I also dont think xbox is saying prices wont go down but rather more that they wont correct back to any large degree. If you followed my comments on the market conditions on the NCC Monitor last Fall you will see I predicted exactly what happened this year calling the market then a "powder keg" about to explode come Spring. A 5% decline would be nothing in the grand scheme of things as we got more appreciation than that in Feb and March. A lot more!

To have large declines we need a large amount of non-discretionary sellers. Those that have to sell not want to sell. There will always be those that have to sell but the size of the potential need to sell category has shrunk in a big way. Here's a simplistic example.

Bought house in 2000 for $1M putting 20% down and now have 2.75% loan with house worth $1.5M. Back of the envelope thats $22K interest, $11K taxes and $2K insurance so lets call it $3K/month. Lets pretend prices drop back to $1M and life gets in the way requiring a move. Do you sell a house that just lost $500K when you know you can get that back in a 5 to 10 years out here? Where else will you make that kind of money in your life? Would you be able to afford to move back if you sell and prices go back to those levels? Do you sell when you know you can rent that house for $4 to 5K and profit $2K/month? The answer is of course some will but the corollary is a lot fewer will!

The recent huge jumps have come on the backs of low volume sales to recent buyers who were well qualified, brought big down payments and bought mostly for long haul. They bought homes with rates much lower than those available today. They have rates well below 4% and buyers are still closing TODAY with rates below 4% not the higher rates available now. They can and will dig in en masse. The longer term owners even more so.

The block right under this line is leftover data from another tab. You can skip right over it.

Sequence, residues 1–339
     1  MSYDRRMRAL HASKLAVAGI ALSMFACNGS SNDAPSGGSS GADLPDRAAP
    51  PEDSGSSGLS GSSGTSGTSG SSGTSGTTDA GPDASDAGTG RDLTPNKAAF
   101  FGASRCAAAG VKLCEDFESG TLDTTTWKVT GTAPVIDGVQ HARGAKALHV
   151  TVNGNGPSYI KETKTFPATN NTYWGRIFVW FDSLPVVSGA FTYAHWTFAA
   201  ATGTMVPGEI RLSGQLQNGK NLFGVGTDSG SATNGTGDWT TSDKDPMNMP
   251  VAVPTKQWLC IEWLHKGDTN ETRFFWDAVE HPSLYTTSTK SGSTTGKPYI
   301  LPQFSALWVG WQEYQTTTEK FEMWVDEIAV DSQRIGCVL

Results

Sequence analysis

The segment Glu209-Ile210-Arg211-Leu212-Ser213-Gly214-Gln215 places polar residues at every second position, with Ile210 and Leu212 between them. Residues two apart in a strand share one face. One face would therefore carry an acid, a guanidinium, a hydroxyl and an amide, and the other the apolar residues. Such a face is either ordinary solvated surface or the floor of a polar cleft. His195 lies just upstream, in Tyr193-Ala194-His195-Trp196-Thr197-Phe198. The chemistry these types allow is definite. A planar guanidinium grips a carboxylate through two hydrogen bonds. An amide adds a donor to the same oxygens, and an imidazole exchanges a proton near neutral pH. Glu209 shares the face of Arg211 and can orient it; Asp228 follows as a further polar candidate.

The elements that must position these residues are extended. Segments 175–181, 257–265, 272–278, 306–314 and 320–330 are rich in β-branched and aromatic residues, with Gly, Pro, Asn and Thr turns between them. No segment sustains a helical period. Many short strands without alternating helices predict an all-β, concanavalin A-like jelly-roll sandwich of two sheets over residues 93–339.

At the end of the day we dont need an "incredible economic collpase" for prices to go down but we would need one for them to go down significantly which would mean a lot more than the gains we just got the last couple months. We would need a massive uptick in non-discretionary sellers which just doesnt seem to be in the cards due to systemic changes in the postion of homeowners with huge equity postions, low tax basis and interest rates.

So what can happen? What is starting to happen now. More is coming on the market than is selling. Inventory is and will continue to build. Faced with more choices buyers will want discounts and will wait for them. Some sellers will provide them but a large percentage will just saw nah I'll just wait this out here in Paradise. If they cant stay, many will say I'll just rent it out until it comes back and pocket some monthly cash flow and maybe I'll return someday. After all its Paradise.

Submitted by sdrealtor on April 16, 2022 - 9:32am.

moon wrote:
I would say I agree almost everything you said here. As a buyer, I and a few friends who are also looking for houses decided to stay put now, either voluntarily or being forced (as saying “priced out”). I will buy when I feel comfortable and less risky, but now it isn’t (92011 area). I don’t know if I can use stock market as an example, the psychology might be similar: ordinary people, I mean ordinary people, tends to buy high and sell low. Some of the reasons people are chasing high in housing market now are: to settle down, using house to counter high inflation, believing house price will continue going up, FOMO. Personally I think house price is still in uptrend for a short term. Long term? Not sure,need to see how strong the balance sheet reduction and rate hikes are.

Another comment on”now everyone's a mortgage broker or real estate agent!” I know lots of people are in RE market, but really feel that was when I went to often houses last month, there were two listing agents were also the owners, and I just looked less than ten properties.

I think that is a good plan and would not be in a hurry if life allows that. The rapid increases are past and we could/should see not only some retracement but equally important a much better selection to come. Ive lived and worked in S Carlsbad for most of the last 30 years. Ive watched and worked through all the changes and development around here. Happy to answer any questions you have.